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Publication Detail
Functional magnetic resonance imaging exploration of combined hand and speech movements in Parkinson's disease.
  • Publication Type:
    Journal article
  • Publication Sub Type:
    Journal Article
  • Authors:
    Pinto S, Mancini L, Jahanshahi M, Thornton JS, Tripoliti E, Yousry TA, Limousin P
  • Publication date:
  • Pagination:
    2212, 2219
  • Journal:
    Mov Disord
  • Volume:
  • Issue:
  • Status:
  • Country:
    United States
  • Language:
  • Keywords:
    Acoustic Stimulation, Adult, Aged, Brain, Brain Mapping, Female, Functional Laterality, Hand, Humans, Image Processing, Computer-Assisted, Magnetic Resonance Imaging, Male, Middle Aged, Movement, Neuropsychological Tests, Oxygen, Parkinson Disease, Photic Stimulation, Psychomotor Performance, Speech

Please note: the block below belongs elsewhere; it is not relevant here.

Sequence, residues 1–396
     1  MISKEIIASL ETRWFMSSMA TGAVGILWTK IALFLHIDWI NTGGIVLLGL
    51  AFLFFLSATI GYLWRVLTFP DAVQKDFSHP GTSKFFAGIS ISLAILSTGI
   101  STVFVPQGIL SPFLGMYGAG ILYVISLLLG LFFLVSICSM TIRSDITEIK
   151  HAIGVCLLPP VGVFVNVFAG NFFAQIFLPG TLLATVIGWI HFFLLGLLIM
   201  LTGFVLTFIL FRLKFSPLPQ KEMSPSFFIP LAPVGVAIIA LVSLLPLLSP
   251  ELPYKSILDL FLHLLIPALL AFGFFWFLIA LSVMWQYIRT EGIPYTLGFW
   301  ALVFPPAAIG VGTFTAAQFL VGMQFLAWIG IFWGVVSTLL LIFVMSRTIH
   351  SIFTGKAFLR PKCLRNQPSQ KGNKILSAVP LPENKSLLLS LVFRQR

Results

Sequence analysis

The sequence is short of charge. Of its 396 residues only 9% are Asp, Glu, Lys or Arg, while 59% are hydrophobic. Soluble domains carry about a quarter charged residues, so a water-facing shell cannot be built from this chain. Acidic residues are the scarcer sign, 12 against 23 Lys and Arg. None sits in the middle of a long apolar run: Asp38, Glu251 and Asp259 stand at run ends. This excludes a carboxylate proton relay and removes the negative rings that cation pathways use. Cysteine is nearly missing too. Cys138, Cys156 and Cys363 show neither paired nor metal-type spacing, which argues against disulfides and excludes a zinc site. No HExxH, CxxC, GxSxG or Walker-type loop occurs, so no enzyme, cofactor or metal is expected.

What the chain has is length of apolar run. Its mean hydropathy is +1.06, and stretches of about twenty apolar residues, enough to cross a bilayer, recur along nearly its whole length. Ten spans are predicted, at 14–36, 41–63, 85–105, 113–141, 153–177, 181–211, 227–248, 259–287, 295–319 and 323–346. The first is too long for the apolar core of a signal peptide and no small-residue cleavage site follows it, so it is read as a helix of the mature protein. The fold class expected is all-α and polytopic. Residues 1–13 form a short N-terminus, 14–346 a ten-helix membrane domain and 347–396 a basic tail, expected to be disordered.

Among the repertoire of motor functions, although hand movement and speech production tasks have been investigated widely by functional neuroimaging, paradigms combining both movements have been studied less so. Such paradigms are of particular interest in Parkinson's disease, in which patients have specific difficulties performing two movements simultaneously. In 9 unmedicated patients with Parkinson's disease and 15 healthy control subjects, externally cued tasks (i.e., hand movement, speech production, and combined hand movement and speech production) were performed twice in a random order and functional magnetic resonance imaging detected cerebral activations, compared to the rest. F-statistics tested within-group (significant activations at P values < 0.05, familywise error corrected), between-group, and between-task comparisons (regional activations significant at P values < 0.001, uncorrected, with cluster size > 10 voxels). For control subjects, the combined task activations comprised the sum of those obtained during hand movement and speech production performed separately, reflecting the neural correlates of performing movements sharing similar programming modalities. In patients with Parkinson's disease, only activations underlying hand movement were observed during the combined task. We interpreted this phenomenon as patients' potential inability to recruit facilitatory activations while performing two movements simultaneously. This lost capacity could be related to a functional prioritization of one movement (i.e., hand movement), in comparison with the other (i.e., speech production). Our observation could also reflect the inability of patients with Parkinson's disease to intrinsically engage the motor coordination necessary to perform a combined task.
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